12.31.2010

Happy New Year's from Nimule!

Hello all! This morning we left wonderful Adjumani and headed to the Sudanese border. This went much more smoothly than getting through the Uganda/Kenya border. Since we have friends who have friends here, we didn't even have to talk to anyone! Just take the passports and stamp!

So, we got here, had some goat and chips and a soda, and now we've headed down to the Cornerstone Children's Home in Nimule (Neh-Moo-Lay), Sudan. This is an orphanage that Jason helped to spear head back in 2004 when the place was decimated by the Sudanese Civil War as well as atrocities committed by the LRA. Jason worked to rescue orphans from the surrounding area and give them a place to stay, classes and food.

I am unable to post any pictures, but can't wait for you all to see these kids. They are absolutely wonderful. We have met some new friends here in Nimule and are going to celebrate the New Year with them tonight and tomorrow.

Tomorrow, we will board a bus for Juba, the capital of South Sudan. I will update you all at that time, but until then we love you very much and thank you again for our prayers. We are having a blast!

Randy (and Jason)

12.30.2010

Bus rides, coffee, dignitaries, sunburn, python hunts, and more bus rides.

Where to even begin? Since last updating you all, there have been too many developments and goings-on to possibly remember, but we will attempt to recount what has happened and where we are at.



First and foremost, we are safe in Adjumani (Northern Uganda). On Tuesday, Jason and I rode a coach bus from Nairobi to Kampala. It was a very long, hot ride full of near misses with nigh-unfortunate pedestrians and other buses. At the end of the ride, they were picking up random people and dropping them in the next town, which is clearly in violation of their policy, so they could make some money off the top. When we crossed into Uganda we got shaken down by every friggin' police stop. One guy asked if the medicines I had were drugs, which I vehemently denied. He let me back on the bus so all that happened was a spike in blood pressure. We made it to Kampala at about 9 PM with our new-found Canadian-missionary friend David and met up with John Kur, a young Sudanese Bor Dinka whom Jason goes way back with. We found a nice hotel to stay at and dined on some chicken and fries.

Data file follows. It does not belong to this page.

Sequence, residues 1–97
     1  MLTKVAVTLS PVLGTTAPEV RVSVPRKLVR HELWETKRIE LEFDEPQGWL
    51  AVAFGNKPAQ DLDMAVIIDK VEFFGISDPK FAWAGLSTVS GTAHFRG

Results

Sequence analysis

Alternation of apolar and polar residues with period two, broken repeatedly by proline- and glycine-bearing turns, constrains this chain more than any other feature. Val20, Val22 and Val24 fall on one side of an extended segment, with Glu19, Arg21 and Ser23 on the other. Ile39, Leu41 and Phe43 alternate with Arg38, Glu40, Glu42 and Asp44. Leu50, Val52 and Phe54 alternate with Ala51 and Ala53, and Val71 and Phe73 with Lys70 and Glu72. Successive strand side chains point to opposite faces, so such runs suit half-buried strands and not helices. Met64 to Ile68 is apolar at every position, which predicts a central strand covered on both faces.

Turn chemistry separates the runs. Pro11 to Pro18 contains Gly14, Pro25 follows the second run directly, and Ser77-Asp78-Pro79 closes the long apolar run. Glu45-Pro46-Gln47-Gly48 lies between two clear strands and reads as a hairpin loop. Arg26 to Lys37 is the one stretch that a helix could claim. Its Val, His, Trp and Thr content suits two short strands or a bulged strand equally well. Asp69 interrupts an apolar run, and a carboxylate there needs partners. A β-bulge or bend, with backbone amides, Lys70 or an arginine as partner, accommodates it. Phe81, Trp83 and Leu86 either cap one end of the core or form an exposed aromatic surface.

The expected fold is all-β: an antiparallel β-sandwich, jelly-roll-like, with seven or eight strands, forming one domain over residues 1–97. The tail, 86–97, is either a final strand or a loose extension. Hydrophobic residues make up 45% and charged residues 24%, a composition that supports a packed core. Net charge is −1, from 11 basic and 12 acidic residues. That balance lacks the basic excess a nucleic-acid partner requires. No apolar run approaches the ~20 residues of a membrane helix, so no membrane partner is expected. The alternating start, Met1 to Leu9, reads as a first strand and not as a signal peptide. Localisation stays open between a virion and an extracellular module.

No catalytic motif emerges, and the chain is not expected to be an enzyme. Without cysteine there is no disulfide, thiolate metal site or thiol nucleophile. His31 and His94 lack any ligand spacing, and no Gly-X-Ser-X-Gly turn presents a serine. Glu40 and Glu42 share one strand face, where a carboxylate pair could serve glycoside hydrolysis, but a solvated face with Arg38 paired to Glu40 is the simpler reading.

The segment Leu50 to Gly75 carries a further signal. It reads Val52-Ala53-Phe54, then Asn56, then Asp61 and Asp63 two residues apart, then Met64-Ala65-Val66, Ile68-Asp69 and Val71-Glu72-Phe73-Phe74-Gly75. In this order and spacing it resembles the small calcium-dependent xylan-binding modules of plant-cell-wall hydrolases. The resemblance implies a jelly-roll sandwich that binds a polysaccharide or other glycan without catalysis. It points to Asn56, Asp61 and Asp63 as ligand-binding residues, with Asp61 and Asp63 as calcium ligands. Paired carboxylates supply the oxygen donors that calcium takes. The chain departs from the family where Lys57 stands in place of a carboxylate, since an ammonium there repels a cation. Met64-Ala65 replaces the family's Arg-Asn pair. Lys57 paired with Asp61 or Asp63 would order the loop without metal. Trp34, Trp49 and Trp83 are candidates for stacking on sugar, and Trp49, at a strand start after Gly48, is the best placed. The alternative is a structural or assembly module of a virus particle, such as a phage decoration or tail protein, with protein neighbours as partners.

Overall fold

Wednesday began with a full English Breakfast at the Banana Cafe (following the obligatory police shakedown in the parking lot) with an immaculate cup of African Coffee (more milk). We then made our way to the Sudanese Embassy, where we began to see just how resourceful and industrious our young friend John Kur is. Within 1 hour, we were sitting in the office of the head of the Government of South Sudan's mission in Kampala. She wished us well and they were able to rush our travel documents, so we had that major objective taken care of (it is not good to show up at a Sudanese Border without a visa already prepared).


These things being addressed, we checked out and headed down to Arua Park in downtown Kampala, which is basically the most busy, chaotic, congested, muddy, diesel-fume-filled megalodon of bustling nonsenese that I could ever imagine. This is where we boarded our bus and waited for a couple of hours for it to leave, telling everyone that we didn't want to buy a fanta or a coup of mangoes, or a wrist watch. Jason got in an argument because they charged us to transport our luggage, which is not normal and was not done for the other passengers; oh the pleasure of being a mzungu in Kampala. It was entertaining none-the-less, and when Jason told the guy he would pay him if the guy would just stop talking, it was well worth the 4 or 5 bucks we were haggling over (LOL).


OK, so this particular bus ride was every bit as psycho as the last, as the driver careened down the highway at breakneck speeds. It was probably for the best that we were in back and couldn't see in front of the bus. The driver played wack DVDs of Ugandan hip-hop and UB-40 b-sides. You probably think I'm joking- but I'm not. Just as we were about to stab our eardrums out with our pens, the bus arrived at our destination, Gulu.